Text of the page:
Read Action for Equity's One Massachusetts Community Response to COVID-19.
Within our member community groups, partners, networks, coalitions and campaigns, we are closely connected to community residents, particularly in communities of color. We are hearing what people are facing. Read the One Massachusetts Community Response to COVID-19--issues we have heard in our campaigns and from others. In the days to come, we will be posting both resources and how to join together in action.
One Massachusetts Community Response to COVID-19
Action for Equity has reached out to bring together demands from our campaigns and for many other important issues. 3.20.20
The pandemic has shown that the priorities are upside down by putting the interests of the most privileged ahead of the most defenseless. Some of us can’t stay home and miss a paycheck or need to work to help out the rest of us. There are children who are dependent on two meals a day from school. Immigrants (documented and undocumented) may be too afraid to get treated for illnesses because they fear being caught up in the hostile, punitive immigration system. Many of our residents can’t get treated for illnesses because they have no health insurance. The incarcerated population without the ability to self-quarantine are at high risk, coupled with the existing inadequate access to proper health care. Many tenants are living in fear of the effects of the increased numbers of evictions that will be fueled by this crisis.
We are community-based organizations in Massachusetts. Our members are Black, Brown, Indigenous, and White. We are recent immigrants and families here for generations. We speak many languages. We represent many of the most marginalized among us, including people with disabilities and compromised immune systems.
We are working to see our communities through the global pandemic of COVID-19. Together, during these challenging times, we are reorienting our collective resources for the care and survival of our most vulnerable residents, seniors, working individuals and families, the imprisoned, the at-risk of eviction, as we weather together this storm of uncertainties.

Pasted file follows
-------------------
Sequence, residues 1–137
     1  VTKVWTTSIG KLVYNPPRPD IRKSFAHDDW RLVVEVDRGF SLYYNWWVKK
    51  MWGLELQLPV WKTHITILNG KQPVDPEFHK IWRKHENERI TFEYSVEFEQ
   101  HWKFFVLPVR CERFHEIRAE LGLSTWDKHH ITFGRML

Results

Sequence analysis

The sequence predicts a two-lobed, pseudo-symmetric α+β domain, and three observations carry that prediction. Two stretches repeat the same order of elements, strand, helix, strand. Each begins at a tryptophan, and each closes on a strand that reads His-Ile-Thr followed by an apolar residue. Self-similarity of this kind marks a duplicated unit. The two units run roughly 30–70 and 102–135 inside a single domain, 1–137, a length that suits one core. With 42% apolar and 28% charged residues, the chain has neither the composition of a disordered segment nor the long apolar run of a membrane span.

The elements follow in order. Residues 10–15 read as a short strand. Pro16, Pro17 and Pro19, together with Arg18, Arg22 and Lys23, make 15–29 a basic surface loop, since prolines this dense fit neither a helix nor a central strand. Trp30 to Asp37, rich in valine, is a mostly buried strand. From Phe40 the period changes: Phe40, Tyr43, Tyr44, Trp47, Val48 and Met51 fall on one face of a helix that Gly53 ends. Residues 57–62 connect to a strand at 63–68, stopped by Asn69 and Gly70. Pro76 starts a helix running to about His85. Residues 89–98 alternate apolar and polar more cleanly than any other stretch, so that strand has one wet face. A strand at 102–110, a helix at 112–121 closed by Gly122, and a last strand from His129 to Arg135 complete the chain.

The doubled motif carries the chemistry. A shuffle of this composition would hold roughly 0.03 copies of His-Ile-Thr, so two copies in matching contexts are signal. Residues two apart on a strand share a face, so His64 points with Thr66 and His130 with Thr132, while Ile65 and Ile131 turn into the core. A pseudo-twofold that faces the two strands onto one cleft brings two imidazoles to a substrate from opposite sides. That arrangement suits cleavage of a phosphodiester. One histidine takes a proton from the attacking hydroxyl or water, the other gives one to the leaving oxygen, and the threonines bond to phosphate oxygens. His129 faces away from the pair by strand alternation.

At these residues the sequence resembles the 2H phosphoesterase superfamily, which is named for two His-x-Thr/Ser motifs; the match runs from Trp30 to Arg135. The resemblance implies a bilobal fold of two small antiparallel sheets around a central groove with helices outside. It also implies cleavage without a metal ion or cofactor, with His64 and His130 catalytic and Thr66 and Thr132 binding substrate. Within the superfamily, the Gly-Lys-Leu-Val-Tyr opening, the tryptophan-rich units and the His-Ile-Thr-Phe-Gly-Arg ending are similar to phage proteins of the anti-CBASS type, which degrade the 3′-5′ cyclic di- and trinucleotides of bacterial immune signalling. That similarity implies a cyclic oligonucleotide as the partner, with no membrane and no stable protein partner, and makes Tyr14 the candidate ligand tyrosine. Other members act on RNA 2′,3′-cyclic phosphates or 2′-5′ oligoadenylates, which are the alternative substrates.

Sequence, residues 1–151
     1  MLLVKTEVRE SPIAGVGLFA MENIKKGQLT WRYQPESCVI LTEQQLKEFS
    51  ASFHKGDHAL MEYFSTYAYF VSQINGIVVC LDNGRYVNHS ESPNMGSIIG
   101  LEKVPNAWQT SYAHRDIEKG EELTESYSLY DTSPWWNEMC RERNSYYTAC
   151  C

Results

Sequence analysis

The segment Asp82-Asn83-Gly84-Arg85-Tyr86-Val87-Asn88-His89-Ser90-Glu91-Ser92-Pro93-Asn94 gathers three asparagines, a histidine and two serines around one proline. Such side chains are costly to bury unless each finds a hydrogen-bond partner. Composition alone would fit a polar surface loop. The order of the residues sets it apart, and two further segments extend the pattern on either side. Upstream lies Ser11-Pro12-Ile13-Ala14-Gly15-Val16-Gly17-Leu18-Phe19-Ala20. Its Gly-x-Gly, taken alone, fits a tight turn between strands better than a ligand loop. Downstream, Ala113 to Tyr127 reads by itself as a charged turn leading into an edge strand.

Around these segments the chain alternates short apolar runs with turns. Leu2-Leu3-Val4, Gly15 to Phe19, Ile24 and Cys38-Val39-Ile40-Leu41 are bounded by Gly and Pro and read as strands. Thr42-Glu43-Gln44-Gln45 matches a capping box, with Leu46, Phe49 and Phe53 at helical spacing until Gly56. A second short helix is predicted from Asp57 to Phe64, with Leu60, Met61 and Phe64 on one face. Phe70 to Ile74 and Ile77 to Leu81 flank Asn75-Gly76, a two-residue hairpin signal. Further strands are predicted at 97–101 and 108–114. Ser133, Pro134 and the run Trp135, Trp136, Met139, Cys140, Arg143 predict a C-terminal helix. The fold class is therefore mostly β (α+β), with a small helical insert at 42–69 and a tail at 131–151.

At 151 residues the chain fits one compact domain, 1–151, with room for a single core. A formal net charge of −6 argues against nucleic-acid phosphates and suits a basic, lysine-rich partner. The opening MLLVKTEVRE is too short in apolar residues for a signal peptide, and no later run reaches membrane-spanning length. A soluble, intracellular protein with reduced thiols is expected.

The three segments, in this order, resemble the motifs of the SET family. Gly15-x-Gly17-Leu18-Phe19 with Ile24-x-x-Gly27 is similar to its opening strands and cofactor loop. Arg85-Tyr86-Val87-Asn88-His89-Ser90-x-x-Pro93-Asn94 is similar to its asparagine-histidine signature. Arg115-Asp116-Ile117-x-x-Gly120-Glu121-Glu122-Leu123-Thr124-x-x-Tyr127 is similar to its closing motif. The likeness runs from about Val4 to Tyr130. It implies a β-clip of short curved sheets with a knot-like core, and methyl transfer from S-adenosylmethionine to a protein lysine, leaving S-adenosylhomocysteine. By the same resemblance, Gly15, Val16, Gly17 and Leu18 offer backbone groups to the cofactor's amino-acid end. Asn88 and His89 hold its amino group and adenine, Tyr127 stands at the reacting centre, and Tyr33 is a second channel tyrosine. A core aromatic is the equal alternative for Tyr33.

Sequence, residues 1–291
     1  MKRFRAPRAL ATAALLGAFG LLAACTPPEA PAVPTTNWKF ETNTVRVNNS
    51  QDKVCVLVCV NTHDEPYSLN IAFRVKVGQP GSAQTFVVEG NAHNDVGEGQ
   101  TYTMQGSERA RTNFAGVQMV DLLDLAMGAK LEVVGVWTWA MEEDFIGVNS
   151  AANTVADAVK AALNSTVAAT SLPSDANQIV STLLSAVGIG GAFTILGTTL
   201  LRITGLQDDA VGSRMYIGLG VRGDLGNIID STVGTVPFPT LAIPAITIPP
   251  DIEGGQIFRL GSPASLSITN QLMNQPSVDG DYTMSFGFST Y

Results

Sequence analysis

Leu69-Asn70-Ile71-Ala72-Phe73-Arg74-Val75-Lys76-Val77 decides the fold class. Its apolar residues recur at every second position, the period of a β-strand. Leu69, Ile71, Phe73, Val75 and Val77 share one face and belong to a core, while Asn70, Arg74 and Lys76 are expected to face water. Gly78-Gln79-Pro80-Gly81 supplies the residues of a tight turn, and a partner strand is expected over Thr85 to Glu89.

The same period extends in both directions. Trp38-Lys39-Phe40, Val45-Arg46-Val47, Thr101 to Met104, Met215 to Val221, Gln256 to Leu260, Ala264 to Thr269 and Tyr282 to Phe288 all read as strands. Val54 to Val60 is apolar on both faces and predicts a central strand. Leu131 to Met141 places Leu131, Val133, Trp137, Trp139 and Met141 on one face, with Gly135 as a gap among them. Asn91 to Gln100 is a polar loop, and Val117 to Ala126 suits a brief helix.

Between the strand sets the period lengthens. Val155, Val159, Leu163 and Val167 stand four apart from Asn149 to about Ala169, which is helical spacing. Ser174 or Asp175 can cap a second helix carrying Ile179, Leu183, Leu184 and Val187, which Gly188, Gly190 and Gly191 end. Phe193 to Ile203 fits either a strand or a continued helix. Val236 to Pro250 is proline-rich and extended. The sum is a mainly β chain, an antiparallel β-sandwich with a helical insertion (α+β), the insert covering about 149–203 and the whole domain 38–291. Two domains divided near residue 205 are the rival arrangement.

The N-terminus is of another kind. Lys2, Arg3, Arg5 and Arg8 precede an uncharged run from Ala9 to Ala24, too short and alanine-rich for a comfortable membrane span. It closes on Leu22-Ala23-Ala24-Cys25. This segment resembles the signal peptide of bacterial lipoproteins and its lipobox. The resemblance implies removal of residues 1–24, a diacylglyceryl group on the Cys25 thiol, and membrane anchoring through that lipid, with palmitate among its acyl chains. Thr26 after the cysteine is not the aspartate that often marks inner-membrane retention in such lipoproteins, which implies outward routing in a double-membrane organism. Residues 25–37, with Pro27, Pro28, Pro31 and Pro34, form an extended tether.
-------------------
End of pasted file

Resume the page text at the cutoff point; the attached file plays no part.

This virus is revealing to us the interconnectedness of our world in a very personal way. It is showing, conclusively, that the health and well-being of one is intimately bound to the health and well-being of all. Only by working together will we triumph in the face of this outbreak.
As community-based organizations, we must and will provide the connection to our people. We are reaching out and listening, providing services and making referrals where and when possible, gathering information on what people are saying and experiencing, to make sure people’s true experiences are heard.
Health care access:
- Immediate access to free testing for all symptomatic individuals or those at high risk.
- Establishment of free treatment and quarantine facilities to minimize the spread of the disease.
- Access to mental health and support services for those in social isolation, especially elders.
- No Medicaid work requirements
- Access to medical care for all people - regardless of their citizenship status and ability to pay
- Communicate effective prevention strategies to vulnerable populations in their native languages, as well as in plain, simple English
- Vaccines, when available, be provided free of charge
- All emergency efforts are communicated in multiple languages, as well as in plain, simple English
- Refuse to allow ICE and Border Patrol officers into hospitals and public buildings
- Local elected leaders call on the federal government to suspend all ICE raids so that vulnerable patients won’t be deterred from seeking help.
- Immediate steps be put in place and communicated for prevention in shelters.
- Health insurance companies must allow Massachusetts residents an extra 6 months to make Health Connector payments without loss of coverage
Housing and utilities:
- Immediate statewide moratorium on evictions.
- Immediate statewide moratorium on foreclosures.